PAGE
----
By October 26th, 2020, OSHA had performed 1,133 inspections related to COVID-19. Six hundred and eighty-two of the inspections were performed due to fatalities, and four hundred and fifty-one were due to COVID-19 complaints. Between August 21st and October 26th of 2020, two hundred and eighty-five violations were given during one hundred and seventy-two inspections. The violations were distributed into multiple different industries such as nursing facilities, general medical and surgical hospitals, specialty hospitals, disability facilities, and physician offices.
All of the violations were for non-compliance with standards from OSHA. Some examples are the bloodborne pathogens standard, the respiratory protection standard, and the general requirements of personal protective equipment. It also included hazard communication and waste operations.
What was Recommended to OSHABy October 26tth, 2020, OSHA had released 33 guidance papers for employers and 11 COVID-19 related guidance documents to enhance the safety of workplaces. Even though they are responsible for the safety of 130 million workers, their measures issued in the early months of the pandemic did not emphasize the importance of inspections. Instead of reducing the number of inspections, OSHA should have increased the number of inspections. They also should have performed more inspections within higher-risk industries such as healthcare workers and other employees.
The Office of Inspector General recommended that OSHA should track remote inspections moving forward and reassess the current situation to determine if it is necessary to issue an Emergency Temporary Standard to slow the spread of COVID-19. It was also recommended that they prioritize high-risk industries for onsite inspections and document the time it takes an inspector to identify a hazard and fix it.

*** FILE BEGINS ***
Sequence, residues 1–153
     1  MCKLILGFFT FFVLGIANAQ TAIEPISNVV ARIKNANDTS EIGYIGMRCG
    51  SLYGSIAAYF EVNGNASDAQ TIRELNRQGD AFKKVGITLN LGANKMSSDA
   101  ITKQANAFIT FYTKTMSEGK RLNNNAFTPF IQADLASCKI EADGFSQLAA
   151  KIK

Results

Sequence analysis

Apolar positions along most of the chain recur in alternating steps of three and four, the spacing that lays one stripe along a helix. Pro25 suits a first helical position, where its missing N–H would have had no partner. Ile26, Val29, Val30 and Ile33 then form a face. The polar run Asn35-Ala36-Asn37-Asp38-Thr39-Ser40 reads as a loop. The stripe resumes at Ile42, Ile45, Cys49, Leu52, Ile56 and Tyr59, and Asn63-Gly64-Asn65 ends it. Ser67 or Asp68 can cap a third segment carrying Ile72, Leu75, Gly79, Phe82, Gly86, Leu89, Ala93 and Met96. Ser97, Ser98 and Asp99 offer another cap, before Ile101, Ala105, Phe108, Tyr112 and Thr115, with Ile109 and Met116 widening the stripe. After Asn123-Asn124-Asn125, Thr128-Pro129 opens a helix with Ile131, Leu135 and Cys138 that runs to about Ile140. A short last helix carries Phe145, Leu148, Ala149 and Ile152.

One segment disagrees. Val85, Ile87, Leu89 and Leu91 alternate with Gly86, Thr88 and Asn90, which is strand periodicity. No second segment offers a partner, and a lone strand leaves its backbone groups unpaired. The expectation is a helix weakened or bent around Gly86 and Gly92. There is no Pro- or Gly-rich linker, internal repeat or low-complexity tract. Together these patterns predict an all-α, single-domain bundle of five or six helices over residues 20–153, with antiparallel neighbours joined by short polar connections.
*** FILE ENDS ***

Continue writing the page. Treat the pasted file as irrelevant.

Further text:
OSHA's ResponseOSHA agreed with the recommendations and has begun to work on a national program to focus enforcement efforts onto COVID-19 related violations that put the greatest amount of workers at risk. They were inspired to do so by the Executive Order on Protecting Worker Health and Safety issued by Joe Biden. The executive order places emphasis on quickly reducing the amount of COVID-19 risks present in various industries. Workers in high-risk industries have risked their lives to continue working throughout the pandemic, and deserve the protection that OSHA offers to its workers.
In ConclusionThe increase of complaints from workplaces and the decrease of onsite inspections being performed indicated that OSHA was not doing their best with providing the same level of protection they provided before the COVID-19 pandemic. The decrease in onsite inspections made it very easy for COVID-19 related hazards and non-related hazards to go unnoticed for longer than usual. Those hazards put workers in high-risk industries at a higher risk of infection or injury. After the audit was completed, the Office of Inspector General recommended that OSHA begin to increase and track on-site and remote inspections. It was also recommended that they take action on enforcing violations that put the most amount of workers at risk. Finally, they were asked to reevaluate the situation and determine if it's necessary to issue an Emergency Temporary Standard to regulate new safety regulations within the workforce. By taking these steps, OSHA can begin to protect employers and workers under their care from COVID-19.